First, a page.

Poland's ruling Law and Justice party leader Jaroslaw Kaczynski has blamed European Council President Donald Tusk for Britain's vote to leave the EU, and called for him to disappear from European politics.
Mr Kaczynski told local media: "A particularly dark role was played by Donald Tusk, who conducted negotiations with the British and in fact contributed to them getting nothing.
"Hence, he is directly responsible for Brexit and should simply disappear from European politics. But this concerns the whole of European Commission in its present composition."
Donald Tusk, the president of the European Council, said Brexit was an "historic moment" but "not a moment for hysterical reactions".
He said the EU was prepared for this "dramatic scenario".
Mr Tusk added: "We are determined to keep our unity as 27."
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The incoming president of the European Council, Donald Tusk, has pledged to address the concerns of Britain in his new role.
He said the EU and he personally would take on the concerns voiced by Britain about the EU. "No reasonable person can imagine the EU without the UK," he said.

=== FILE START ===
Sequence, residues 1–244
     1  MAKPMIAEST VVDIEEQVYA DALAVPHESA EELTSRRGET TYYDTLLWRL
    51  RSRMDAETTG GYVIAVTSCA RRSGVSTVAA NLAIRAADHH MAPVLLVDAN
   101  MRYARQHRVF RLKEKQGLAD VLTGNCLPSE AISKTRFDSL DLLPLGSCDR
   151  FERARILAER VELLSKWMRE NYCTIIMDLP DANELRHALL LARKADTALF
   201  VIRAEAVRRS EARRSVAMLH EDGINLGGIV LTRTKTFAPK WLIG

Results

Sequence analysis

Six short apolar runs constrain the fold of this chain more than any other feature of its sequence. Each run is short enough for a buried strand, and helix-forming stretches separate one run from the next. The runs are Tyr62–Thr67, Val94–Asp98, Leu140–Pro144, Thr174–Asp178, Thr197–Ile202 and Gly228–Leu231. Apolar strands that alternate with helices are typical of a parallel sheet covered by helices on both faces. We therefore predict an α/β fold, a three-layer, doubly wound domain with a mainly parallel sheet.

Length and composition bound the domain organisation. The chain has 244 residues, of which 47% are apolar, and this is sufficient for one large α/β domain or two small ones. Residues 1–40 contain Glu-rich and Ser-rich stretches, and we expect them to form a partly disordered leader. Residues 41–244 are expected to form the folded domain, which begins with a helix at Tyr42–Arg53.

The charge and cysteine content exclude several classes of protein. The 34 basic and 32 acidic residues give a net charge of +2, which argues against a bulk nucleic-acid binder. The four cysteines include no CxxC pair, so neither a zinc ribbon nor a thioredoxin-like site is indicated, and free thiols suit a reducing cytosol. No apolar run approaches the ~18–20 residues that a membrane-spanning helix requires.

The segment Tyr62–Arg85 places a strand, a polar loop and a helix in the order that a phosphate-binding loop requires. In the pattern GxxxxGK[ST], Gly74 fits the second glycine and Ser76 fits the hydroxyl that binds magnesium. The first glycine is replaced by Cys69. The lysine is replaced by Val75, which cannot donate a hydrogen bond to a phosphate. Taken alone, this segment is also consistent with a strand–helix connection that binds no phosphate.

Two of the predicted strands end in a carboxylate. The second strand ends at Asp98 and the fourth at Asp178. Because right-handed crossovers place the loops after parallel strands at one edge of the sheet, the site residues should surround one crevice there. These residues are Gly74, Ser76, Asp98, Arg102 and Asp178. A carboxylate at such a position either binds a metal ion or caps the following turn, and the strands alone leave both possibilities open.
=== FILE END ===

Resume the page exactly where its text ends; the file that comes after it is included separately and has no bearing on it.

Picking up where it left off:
Prime Minister David Cameron has promised a referendum on continued EU membership by 2017.
Poland's prime minister Donald Tusk has been chosen by European Union leaders to become the new president of the European Council.
The top official will chair EU summits and mediate between the 28 governments for the next two-and-a-half years.
Federica Mogherini, the Italian foreign minister, has also replaced Catherine Ashton as the EU's foreign policy chief.
The Polish prime minister has told David Cameron that governments "cannot stigmatise any national group and must respect European law".
Donald Tusk's office described a phone conversation between the pair this afternoon as "an open and frank exchange of views".
It said Mr Cameron explained he had not intended to stigmatise Polish people who work in the UK when he made comments about child benefits payments to migrants.
But Mr Tusk was said to have told the Prime Minister that Poland could not accept such statements, regardless of their original intentions.
David Cameron and the Polish prime minister have agreed to hold further discussions on the impact of EU free movement on child benefit payments.
The Prime Minister called Donald Tusk this afternoon "to discuss co-operation on a range of bilateral and EU issues", Downing Street said:
The Prime Minister made clear his long-standing view, reiterated in recent days, that the lack of transitional controls for new EU member states in 2004 was the wrong approach and had put pressure on local communities; and that we need to address the impact on countries’ benefits systems, including for example paying child benefit to families living abroad.